So it was comfortable to return to then?
Well, if you were frightened of being typecast then it would worry you, but it’s impossible to be typecast as the Cat because he’s so unique. When we get together we all know what we have to do. We’re all completely different in character, political standing, lifestyles but we know what we have to do and we’re so focused and clued in to what we’re doing that it’s a walk in the park. We shot an hour and a half in two weeks, which really should have taken three weeks. But we can do it because we know what we’re dealing with and we go above and beyond the call of duty, we get thrown about and we get wet in the most uncomfortable costumes. And there are no tantrums. If you want a great example of how to execute a successful TV show then look no further than Red Dwarf.

Some people speculated that the new show might recast all the characters. What have you thought of other people who’ve played the cast, like in the American pilots for example?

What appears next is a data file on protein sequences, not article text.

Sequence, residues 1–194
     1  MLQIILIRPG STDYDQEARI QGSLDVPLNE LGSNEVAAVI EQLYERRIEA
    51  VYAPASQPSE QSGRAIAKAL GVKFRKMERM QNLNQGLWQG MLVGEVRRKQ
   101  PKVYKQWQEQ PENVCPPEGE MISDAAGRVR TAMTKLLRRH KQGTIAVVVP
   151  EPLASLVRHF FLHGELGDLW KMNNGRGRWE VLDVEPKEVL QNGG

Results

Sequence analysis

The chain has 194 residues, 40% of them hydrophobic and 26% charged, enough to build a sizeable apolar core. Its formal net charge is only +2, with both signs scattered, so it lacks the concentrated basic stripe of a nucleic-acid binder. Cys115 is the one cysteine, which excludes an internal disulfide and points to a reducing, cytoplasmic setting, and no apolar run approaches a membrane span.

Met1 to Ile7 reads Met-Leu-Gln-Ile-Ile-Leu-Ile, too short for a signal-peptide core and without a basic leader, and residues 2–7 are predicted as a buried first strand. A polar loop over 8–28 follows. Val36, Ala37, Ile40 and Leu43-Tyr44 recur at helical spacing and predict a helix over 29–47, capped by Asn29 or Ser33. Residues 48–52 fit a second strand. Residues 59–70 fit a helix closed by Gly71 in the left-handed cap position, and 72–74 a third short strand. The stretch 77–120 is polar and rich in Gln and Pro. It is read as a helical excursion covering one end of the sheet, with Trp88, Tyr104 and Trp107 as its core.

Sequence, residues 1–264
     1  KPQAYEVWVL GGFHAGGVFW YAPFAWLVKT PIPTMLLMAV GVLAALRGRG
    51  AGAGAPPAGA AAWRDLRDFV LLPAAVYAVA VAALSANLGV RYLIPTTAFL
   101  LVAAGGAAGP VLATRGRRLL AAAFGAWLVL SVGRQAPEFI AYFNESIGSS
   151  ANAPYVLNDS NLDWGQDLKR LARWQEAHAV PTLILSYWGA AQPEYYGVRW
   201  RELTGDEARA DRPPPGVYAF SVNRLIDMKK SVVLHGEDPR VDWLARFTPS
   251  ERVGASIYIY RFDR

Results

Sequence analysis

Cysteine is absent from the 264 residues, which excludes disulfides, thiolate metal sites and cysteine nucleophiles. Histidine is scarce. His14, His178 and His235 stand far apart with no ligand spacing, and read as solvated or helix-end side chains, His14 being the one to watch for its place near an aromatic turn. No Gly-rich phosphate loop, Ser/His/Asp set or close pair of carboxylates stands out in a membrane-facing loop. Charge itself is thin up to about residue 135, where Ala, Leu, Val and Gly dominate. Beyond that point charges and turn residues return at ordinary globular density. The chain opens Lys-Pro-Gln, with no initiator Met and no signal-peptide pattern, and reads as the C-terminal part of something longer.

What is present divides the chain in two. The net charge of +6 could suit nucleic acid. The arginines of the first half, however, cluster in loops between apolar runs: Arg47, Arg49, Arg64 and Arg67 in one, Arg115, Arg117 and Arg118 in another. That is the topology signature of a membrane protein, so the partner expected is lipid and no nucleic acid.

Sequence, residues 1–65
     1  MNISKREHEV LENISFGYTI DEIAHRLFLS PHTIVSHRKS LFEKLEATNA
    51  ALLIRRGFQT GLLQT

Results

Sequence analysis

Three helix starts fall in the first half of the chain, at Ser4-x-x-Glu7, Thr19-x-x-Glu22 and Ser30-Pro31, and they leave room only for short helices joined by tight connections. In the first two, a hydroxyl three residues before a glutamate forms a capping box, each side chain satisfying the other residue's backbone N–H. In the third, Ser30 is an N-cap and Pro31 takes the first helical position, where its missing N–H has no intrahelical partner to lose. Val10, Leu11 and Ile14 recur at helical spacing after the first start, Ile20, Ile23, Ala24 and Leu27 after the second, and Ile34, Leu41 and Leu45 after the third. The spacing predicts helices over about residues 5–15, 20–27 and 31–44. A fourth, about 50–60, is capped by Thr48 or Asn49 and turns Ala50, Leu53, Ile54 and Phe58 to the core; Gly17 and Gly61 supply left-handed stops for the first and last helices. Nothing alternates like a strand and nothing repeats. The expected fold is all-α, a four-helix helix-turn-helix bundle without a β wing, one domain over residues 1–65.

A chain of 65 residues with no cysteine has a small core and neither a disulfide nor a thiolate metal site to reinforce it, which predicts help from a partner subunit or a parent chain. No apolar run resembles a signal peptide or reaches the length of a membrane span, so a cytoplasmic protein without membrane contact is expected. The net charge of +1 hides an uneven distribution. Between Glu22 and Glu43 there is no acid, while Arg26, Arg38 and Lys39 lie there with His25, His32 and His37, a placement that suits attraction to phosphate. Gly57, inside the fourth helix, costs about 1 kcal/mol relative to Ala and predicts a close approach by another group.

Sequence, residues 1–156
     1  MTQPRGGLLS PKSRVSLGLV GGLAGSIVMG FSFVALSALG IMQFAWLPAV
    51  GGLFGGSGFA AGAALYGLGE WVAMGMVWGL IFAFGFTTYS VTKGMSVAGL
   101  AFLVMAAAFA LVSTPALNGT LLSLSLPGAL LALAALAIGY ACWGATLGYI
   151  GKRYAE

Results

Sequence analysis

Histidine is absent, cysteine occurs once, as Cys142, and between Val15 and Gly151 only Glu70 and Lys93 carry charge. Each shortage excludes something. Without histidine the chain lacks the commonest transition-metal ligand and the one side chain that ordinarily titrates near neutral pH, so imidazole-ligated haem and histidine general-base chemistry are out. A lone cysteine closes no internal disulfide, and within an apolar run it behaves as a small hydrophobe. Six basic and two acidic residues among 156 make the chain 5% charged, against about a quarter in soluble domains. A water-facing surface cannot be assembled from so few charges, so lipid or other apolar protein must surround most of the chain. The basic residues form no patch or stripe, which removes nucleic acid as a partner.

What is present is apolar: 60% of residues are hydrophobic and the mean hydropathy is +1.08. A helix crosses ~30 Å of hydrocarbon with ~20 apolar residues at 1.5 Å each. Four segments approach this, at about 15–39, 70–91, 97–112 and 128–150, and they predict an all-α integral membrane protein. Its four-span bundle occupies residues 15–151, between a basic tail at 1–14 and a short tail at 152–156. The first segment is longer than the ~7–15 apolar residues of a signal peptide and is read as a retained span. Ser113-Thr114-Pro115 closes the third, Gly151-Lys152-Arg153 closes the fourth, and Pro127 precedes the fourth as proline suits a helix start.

Funnily enough, Hinton Battle, the black guy who played him, was actually a hero of mine when I was a dancer. He’s an amazing musical theatre star on broadway with about three Tony awards. He played the Scarecrow in Wiz when he was 17; he’s an incredible talent. And so when it came to casting the American Cat they went for someone similar to me – a black man with a career in musical theatre and dance, and they got the most successful one around. But for the second pilot they did what [Red Dwarf creators] Rob [Grant] and Doug [Naylor] swore they would never do, which was to have someone creeping around in a leopard print cat suit. They also had the audacity to bulk out the end of the pilot with clips from the UK TV show. I asked a lot of Americans at the time what they thought of the pilot, and even they thought it was rubbish. So that just shows that you can’t mess around. Americans always try to Americanise British products and America has enough money to convince almost anyone to lose their artistic integrity.